By Jeff Marszal and Doug Denlinger

Almost to the date, 10 years ago this month, the Smith River Hotshots were born.

The crew, based in Gasquet and hosted by the Six Rivers National Forest, Smith River National Recreation Area, is an elite 20-person firefighting crew trained to respond to high priority wildland fires in remote regions with little or no logistical support.

Hotshot crews — there are more than 100 nationwide — are regularly exposed to the most extreme wildland fire environments, working long hours in the most demanding of fireline assignments. Starting out as 10-person Initial Attack (IA) and Fuels Crew in 2001, what was called then called SRF-NRA-Crew-1, expanded to a 20-person Type 2 IA in 2005.

Over the next few years, the crew trained and eventually became the Interagency Hotshot Crew (IHC) it is today. Although most of the original crew has moved on, there is deep sense of gratitude owed to the early leaders and firefighters who laid the foundation on which the current Smith River Hotshot crew is built on.

These days, the crew is known for their hard work ethic and reliability. According to Douglas Denlinger, Smith River Hotshot Superintendent, “Our crew is built on a foundation of always being part of the solution; born in the tradition of hotshotting. We are a module that is at the very top of its game and operates at the highest levels of wildland fire support. We are specialists and our crew will always uphold the highest level of professionalism.”

The crew’s current leadership brings varied IHC experience from multiple regions. They value a diversity of culture and thought, and work to recruit firefighters from all over the country.

In any given year, there are approximately 10 permanent and 10 seasonal firefighters on the crew, many returning year after year. The crew’s motto is a quote from Rudyard Kipling, “The strength of the wolf is in the pack, the strength of the pack is in the wolf.” This quote strongly conveys the qualities of forming a strong hotshot crew and is deeply reflected in the ethos of the Smith River Hotshots.

With the 2019 fire season quickly approaching, the crew is currently training and gearing up for, what is expected to be, another challenging fire season. 2018 was California’s deadliest and most destructive wildfire season.

The first two weeks of hotshot training are grueling. During the first week, the crew spends much of its time completing required classroom training; however, they also find time to begin their notoriously challenging physical fitness program. On any given day, the crew will run five to seven miles or hike two to five miles — mostly uphill. To be clear, these aren’t your average hikes. These are fast-paced, vigorous hikes with 45 to 50 pounds worth of gear — 75 for anyone carrying a chainsaw.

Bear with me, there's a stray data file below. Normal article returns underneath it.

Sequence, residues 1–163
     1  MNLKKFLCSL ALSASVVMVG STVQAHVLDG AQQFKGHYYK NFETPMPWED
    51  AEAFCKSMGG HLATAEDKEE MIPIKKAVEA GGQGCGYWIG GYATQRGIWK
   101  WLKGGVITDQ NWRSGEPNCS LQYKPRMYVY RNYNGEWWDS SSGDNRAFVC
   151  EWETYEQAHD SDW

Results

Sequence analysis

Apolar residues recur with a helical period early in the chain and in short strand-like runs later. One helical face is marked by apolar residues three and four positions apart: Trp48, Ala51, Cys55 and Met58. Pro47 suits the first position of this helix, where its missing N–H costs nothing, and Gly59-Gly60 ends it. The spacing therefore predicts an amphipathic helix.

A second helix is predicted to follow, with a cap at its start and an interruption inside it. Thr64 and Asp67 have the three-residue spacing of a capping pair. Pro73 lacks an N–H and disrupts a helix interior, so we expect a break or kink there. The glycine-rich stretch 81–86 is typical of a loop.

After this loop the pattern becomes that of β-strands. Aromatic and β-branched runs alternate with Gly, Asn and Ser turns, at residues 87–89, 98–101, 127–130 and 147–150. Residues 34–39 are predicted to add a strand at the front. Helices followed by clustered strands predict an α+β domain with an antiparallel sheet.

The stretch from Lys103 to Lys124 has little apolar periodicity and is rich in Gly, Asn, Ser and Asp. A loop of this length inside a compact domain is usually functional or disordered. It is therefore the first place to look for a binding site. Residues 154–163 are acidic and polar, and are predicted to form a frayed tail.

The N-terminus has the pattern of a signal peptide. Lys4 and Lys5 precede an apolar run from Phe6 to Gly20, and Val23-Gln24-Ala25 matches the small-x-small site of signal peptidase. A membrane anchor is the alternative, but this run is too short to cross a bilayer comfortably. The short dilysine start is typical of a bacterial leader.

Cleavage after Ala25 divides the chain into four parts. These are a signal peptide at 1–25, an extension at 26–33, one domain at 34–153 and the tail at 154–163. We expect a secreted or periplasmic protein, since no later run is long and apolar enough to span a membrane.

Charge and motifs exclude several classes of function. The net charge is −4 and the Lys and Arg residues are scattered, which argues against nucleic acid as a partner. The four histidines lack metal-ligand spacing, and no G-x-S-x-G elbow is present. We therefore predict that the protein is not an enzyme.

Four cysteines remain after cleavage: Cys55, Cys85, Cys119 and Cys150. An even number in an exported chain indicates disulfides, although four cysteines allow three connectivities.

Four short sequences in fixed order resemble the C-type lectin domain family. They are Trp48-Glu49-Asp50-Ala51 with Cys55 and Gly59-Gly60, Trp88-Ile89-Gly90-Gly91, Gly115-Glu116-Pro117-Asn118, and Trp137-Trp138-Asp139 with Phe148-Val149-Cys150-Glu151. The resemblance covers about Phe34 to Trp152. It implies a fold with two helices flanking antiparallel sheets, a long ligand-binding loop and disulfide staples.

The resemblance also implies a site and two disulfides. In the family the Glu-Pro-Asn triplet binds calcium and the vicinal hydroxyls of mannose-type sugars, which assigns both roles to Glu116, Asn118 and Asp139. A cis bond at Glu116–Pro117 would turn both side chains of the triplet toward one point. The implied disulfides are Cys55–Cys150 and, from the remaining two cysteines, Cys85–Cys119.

The second week of the season starts the field-going portion of the training. Each day begins with a workout and then a trip to the woods to “work harden” the crew. During the work hardening sessions, the crew trains hard on hand-line construction, chainsaw operations and medical emergencies. The crew also practices with fire shelters — how to use them, as well as how to pick the correct location to deploy them.

As an added bonus, much of the crew’s training program occurs on existing fuels reduction units, so not only is the crew training, they are reducing hazardous fuels as well. As stated by Denlinger, “We train every day to ensure we are always building and improving. We will never stop learning, as this is a very diverse and changing time in the wildland fire environment. Safety is our number one priority — the crew’s safety, as well as the safety of other resources.”

By the end of the second week, the Smith River Hotshot crew is typically certified and available for national assignments. This means they are ready to respond to any wildfire incident or natural disaster in the country.

As a Type 1 IHC crew, the Smith River Hotshots are required to hold higher qualifications for their positions, as defined by the Standards for Interagency Hotshot Crew Operations (SIHCO.This) operating guide ensures that all IHC’s are held to the same standard across agency boundaries.

Though primarily hosted by the Forest Service, IHC crews come from many different agencies across the United States, such as the Bureau of Land Management, National Park Service, Bureau of Indian Affairs, as well as some state and local governments.

After certification, the crew is available to work on wildfire assignments, which can last as long as 21 days. Depending on the severity of the fire season, there’s a strong chance the crew, after a few days’ rest, will immediately return to work on another wildland fire assignment.